Op-Ed: Crypto doesn’t need the FTX’s of the world
Did Sam Bankman-Fried knowingly commingle funds? We shouldn’t need to care.
Did Sam Bankman-Fried knowingly commingle funds? We shouldn’t need to care. If crypto is to reach its full potential, the industry cannot rely on entities like FTX and other centralized exchanges.
There should be no need for centralized institutions once a better implementation of blockchain technology has been unleashed into the wild. Users should be able to interact directly with blockchains themselves, and those blockchains should be able to interact with other blockchains. Just look at the mess the industry must now address. And, it’s only the beginning!
This past weekend Sam Bankman-Fried tweeted that he will testify before the United States Congress once he has had time to review what led to the FTX collapse. He wrote in response to Maxine Waters, the Democratic congresswoman who chairs the US House Committee on Financial Services, after she invited him to appear at a hearing scheduled to examine FTX on December 13. The story could continue to get regular coverage on national television.
Since the FTX collapse, Bankman-Fried has denied ever intending to defraud, while admitting to a “lot of mistakes.” Some have suggested it’s part of an elaborate ruse to win back public sentiment and do damage control. Regardless, crypto was designed to insulate people from both incompetence and malice. In the original vision of blockchain, figures like Bankman-Fried wouldn’t need to exist. Here’s how we fix it.
The Future Of Blockchain Will Be Multichain
Instead of one specific chain, users will choose from numerous chains, which will all be interconnected and able to communicate with each other—it’s called interoperability in the parlance of the industry. That’s the multichain future towards which the industry must strive.
Blockchains will communicate with each other sans the need for a centralized server. Users will also be able to exchange tokens between chains, potentially decreasing demand for centralized exchanges. Interoperable blockchains will make using innovative dapps less expensive than Ethereum’s gas fees.
These blockchains will also offer modularity and configuration choice. Users won’t have to develop new smart contracts to deploy their preferred apps, but will enjoy more of a plug-and-play experience. No longer forced into a solitary technological stack, users can leverage the features of multiple blockchains all at once while building out the stack, which will be quick and easy. It will still offer all the functionality we see today—staking, governance, token issuance, NFTs, DeFi using well-known and secure software development languages—with ease.
Blockchain SDKs will also empower developers to build sovereign blockchain applications without the ongoing costs associated with blockchain operations today. This may eliminate transaction fees, which arise due to network congestion, thanks to new reaches of scalability.
The blockchain industry is becoming increasingly trapped in systems becoming more expensive over time. This technology should instead become less expensive over time. Bandwidth should grow along with the network. This can be done by ensuring the network supports the deployment of more nodes, miners, etc., than in the current paradigm.
Furthermore, users won’t be stuck paying transaction fees in a specific token or cryptocurrency. For example, gas fees on Ethereum can only be paid in ETH. Users will pay transaction fees in the token of the dapp in use. Blockchains might also incorporate one of the central facets of the Bitcoin blockchain: a hard-coded deflationary mechanism. It would be best if they did.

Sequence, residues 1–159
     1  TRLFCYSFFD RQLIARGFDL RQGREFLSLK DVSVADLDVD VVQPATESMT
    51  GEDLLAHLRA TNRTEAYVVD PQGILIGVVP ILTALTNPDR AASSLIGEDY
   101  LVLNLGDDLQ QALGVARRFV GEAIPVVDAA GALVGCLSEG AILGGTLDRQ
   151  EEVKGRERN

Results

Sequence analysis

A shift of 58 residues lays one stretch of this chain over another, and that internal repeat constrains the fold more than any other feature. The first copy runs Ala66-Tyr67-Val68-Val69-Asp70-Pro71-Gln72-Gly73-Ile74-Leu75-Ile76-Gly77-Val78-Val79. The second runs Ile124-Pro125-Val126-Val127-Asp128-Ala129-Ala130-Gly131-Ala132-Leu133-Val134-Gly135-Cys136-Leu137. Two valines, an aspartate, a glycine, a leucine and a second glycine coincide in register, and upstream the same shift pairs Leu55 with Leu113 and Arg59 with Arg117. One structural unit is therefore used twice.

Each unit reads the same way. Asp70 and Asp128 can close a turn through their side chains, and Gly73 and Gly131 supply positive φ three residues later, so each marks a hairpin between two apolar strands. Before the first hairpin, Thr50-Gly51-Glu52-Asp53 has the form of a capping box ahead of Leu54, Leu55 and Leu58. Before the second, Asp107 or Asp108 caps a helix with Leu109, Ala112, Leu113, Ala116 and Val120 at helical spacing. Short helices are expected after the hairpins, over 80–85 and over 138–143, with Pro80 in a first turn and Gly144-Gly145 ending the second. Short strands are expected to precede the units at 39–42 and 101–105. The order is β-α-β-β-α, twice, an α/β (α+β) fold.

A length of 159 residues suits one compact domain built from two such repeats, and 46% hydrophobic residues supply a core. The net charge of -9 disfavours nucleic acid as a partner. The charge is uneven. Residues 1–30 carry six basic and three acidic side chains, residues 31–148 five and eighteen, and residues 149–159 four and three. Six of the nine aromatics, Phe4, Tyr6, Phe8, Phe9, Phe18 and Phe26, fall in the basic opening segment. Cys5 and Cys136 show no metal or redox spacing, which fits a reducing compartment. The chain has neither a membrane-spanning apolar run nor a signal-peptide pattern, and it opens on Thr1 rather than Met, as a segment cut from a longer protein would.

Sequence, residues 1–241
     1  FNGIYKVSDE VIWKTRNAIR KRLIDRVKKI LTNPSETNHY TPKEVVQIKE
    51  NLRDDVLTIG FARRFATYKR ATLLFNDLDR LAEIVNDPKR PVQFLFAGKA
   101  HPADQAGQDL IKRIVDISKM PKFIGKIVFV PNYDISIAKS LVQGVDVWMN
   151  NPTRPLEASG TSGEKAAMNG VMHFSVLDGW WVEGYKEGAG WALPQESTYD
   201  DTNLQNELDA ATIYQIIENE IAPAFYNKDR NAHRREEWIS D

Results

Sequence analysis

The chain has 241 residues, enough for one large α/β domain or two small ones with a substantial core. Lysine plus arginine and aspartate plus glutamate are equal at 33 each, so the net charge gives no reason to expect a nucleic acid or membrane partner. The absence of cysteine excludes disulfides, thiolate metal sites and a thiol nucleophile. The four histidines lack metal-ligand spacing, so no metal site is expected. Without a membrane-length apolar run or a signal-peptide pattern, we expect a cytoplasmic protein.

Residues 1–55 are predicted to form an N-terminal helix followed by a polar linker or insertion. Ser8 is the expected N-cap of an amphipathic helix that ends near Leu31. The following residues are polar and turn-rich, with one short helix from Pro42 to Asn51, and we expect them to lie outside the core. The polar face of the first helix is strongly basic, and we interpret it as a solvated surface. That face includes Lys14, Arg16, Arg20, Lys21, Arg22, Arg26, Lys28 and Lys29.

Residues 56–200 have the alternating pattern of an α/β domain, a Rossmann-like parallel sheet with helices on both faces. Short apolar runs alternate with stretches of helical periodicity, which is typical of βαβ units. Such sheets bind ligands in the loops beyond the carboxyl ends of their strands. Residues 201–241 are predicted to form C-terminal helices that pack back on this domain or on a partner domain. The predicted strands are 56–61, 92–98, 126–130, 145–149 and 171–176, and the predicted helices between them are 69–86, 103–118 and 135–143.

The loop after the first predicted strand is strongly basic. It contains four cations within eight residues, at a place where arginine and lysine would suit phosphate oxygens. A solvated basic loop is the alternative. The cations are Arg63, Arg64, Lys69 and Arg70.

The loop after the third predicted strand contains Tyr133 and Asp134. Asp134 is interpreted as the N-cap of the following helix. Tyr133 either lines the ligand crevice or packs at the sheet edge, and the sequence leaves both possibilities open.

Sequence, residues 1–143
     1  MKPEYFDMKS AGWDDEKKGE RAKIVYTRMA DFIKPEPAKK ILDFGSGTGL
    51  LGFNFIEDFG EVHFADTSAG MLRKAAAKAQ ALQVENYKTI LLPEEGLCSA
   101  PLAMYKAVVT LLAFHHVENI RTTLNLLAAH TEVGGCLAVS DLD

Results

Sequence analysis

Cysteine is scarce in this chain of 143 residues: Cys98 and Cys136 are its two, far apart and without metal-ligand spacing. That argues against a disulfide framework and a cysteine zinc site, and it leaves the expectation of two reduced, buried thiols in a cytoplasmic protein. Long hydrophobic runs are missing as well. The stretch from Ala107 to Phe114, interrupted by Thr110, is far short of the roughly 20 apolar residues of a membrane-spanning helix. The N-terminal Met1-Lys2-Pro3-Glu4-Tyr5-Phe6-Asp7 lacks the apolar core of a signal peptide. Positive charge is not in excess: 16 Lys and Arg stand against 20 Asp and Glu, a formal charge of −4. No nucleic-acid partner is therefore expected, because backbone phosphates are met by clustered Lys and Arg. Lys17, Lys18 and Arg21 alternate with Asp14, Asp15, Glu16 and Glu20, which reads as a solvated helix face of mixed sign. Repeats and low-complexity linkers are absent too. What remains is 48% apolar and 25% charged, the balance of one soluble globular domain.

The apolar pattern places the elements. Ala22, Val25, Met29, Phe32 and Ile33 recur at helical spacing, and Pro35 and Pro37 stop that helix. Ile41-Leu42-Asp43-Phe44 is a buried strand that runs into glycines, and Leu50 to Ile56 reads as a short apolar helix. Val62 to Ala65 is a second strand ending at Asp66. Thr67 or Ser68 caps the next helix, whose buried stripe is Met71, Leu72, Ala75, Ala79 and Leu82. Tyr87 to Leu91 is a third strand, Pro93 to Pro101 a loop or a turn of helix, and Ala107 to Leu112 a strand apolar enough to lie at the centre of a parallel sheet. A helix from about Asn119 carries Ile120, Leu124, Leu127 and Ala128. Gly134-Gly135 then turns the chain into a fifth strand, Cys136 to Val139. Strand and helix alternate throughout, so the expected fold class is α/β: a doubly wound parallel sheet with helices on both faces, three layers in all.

Ethereum Will Face Steep Competition From Diverse Blockchains
Ethereum has turned into a blockchain standard without a formal standardization process. For that reason, no particular blockchain may hold the economic power to quickly flip Ethereum, and become a more used blockchain. But, and some will disagree with this, developers will create blockchains with higher economic value in the protocol. To be sure, the “world computer” has shortcomings, and developers are open to a more streamlined blockchain experience.
Scalability remains an issue for today’s blockchains. For example, It can take minutes and even hours to complete an Ethereum transaction. Whereas today complex financial instruments on Ethereum are built with smart contracts, in the future smart contracts will essentially be blockchains in-and-of themselves.
What Will A Blockchain Of The Future Be Like?
Lasting blockchain technology will provide user-friendly designs and interoperability for simple communication between blockchains—and all for free. Interoperability will become synonymous with scalability, and will be made a reality with shared communication standards. Any blockchain will be able to communicate with other blockchains, and contribute to protocol design.
Scalability will be achieved by duplicating blockchains. This will help to relieve congestion. Apps will be divided into multiple application-specific blockchains. Interchain token transfers allow these multiple chains to continue one network.
In order for the promised blockchain use cases like DeFi, NFTs, DAOs, etc. to reach their full potential, they cannot depend on centralized institutions like the FTX’s of the world, and we’ve all seen why in recent weeks. In the future, blockchain users won’t need to worry about whether or not the Bankman-Fried’s of the world knowingly or unknowingly commingled customer funds. Blockchain will be truly trustless, just like in the vision of Bitcoin developer Satoshi Nakamoto.